4. ^ Yves Landry, "Fertility in France and New France: The Distinguishing Characteristics of Canadian Behavior in the Seventeenth and Eighteenth Centuries," Social Science History (1993) 17#4 pp. 577-592, quote p 586; in JSTOR
  5. ^ Jan Noel, "N'être plus la déléguée de personne: une réévaluation du rôle des femmes dans le commerce en Nouvelle-France," Revue d'histoire de L'Amerique francaise, (2009) 63#2 pp 209-241.
  6. ^ Elise Chenier, "Class, Gender, and the Social Standard: The Montreal Junior League, 1912–1939," Canadian Historical Review (2009) 90#4 pp 671-710.
  7. ^ Thomas Carr, Jr., "Writing the Convent in New France: The Colonialist Rhetoric of Canadian Nuns," Quebec Studies (2009), Issue 47, pp 3-23.
  8. ^ Micheline Dumont et al. (The Clio Collective,) Québec Women: A History (1987) pp 94-96, 218-20, 241
  9. ^ Micheline D'Allaire, "Les Religieuses du Quebec dans le Courant de la Laicisation," Cultures du Canada Francais (1986), Vol. 3, pp 38-45.
  10. ^ Clio Collective, Micheline Dumont and Michele Jean, Quebec Women: A History (1987)
  11. ^ Fernand Ouellet, "The Social Condition of Women and the Women's Movement," in Ouellet, Economy, Class, and Nation in Québec: Interpretive Essays (1991) pp 265-89
  12. ^ Andrée Lévesque, "Reflexions sur l'histoire des Femmes sans l'histoire du Quebec," [Reflections on the history of women in the history of Quebec] Revue d'histoire de L'Amerique francaise (1997) 51#2 pp 271-284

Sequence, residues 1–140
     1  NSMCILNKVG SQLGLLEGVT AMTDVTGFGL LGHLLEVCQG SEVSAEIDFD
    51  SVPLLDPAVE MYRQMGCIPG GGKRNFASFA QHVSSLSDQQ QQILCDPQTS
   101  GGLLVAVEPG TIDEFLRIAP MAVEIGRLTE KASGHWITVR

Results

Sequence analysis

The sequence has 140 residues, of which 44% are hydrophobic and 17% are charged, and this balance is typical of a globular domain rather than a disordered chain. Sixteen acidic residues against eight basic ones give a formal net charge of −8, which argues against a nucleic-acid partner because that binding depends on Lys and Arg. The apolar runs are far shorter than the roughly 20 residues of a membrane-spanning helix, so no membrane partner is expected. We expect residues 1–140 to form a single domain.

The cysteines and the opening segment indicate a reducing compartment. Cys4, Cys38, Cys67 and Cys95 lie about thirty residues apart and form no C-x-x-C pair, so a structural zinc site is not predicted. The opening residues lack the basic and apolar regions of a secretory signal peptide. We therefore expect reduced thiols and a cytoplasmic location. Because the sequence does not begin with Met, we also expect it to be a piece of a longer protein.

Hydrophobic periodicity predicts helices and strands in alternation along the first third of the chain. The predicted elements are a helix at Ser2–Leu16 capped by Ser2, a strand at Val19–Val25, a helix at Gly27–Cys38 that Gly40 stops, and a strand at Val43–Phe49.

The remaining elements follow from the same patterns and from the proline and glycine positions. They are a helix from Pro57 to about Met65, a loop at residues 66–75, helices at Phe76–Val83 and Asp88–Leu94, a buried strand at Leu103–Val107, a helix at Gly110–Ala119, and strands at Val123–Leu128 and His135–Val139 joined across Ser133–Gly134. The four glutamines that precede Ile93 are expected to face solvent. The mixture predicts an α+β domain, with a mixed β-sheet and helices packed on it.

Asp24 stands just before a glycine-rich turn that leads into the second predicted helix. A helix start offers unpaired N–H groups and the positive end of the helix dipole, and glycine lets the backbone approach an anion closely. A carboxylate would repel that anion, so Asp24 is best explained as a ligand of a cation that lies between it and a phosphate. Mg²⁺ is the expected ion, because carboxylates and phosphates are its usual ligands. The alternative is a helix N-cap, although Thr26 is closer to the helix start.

13. ^
  14. ^
  15. ^
  16. ^
  17. ^
  18. ^
  19. ^
  20. ^
  21. ^
  22. ^
  23. ^
  24. ^
  25. ^
  26. ^ Jenny Cook, "Bringing the Outside in: Women and the Transformation of the Middle-Class Maritime Canadian Interior, 1830-1860," Material History Review (1993) #38 pp 36-49
  27. ^ Betsy Beattie, "'Going Up To Lynn': Single, Maritime-Born Women in Lynn, Massachusetts, 1879-1930," Acadiensis (1992) 22#1 pp 65-86
  28. ^ Donal Baird, Women at Sea in the Age of Sail, Nimbus Publishing, Halifax, 2001, p. 4-6, 139, 216.
  29. ^
  30. ^
  31. ^ Charlotte Neff, "Ontario Government Funding and Supervision of Infants’ Homes 1875-1893," Journal of Family History (2013) 38#1 pp 17-54.
  32. ^ Ruth A. Frager, and Carmela Patrias," "Human Rights Activists and the Question of Sex Discrimination in Postwar Ontario," Canadian Historical Review (2012) 93#4 pp. 583-610.
  33. ^ Shirley Tillotson, "Human Rights Law as a Prism: Women's Organizations, Unions, and Ontario's Female Employees Fair Remuneration Act, 1951," Canadian Historical Review (1991) 72#4 pp 532-557
  34. ^ Joan Sangster, “Women Workers, Employment Policy and the State: The Establishment of the Ontario Women's Bureau, 1963-1970,” Labour / Le Travail (1995) 36#1 pp. 119-145 in JSTOR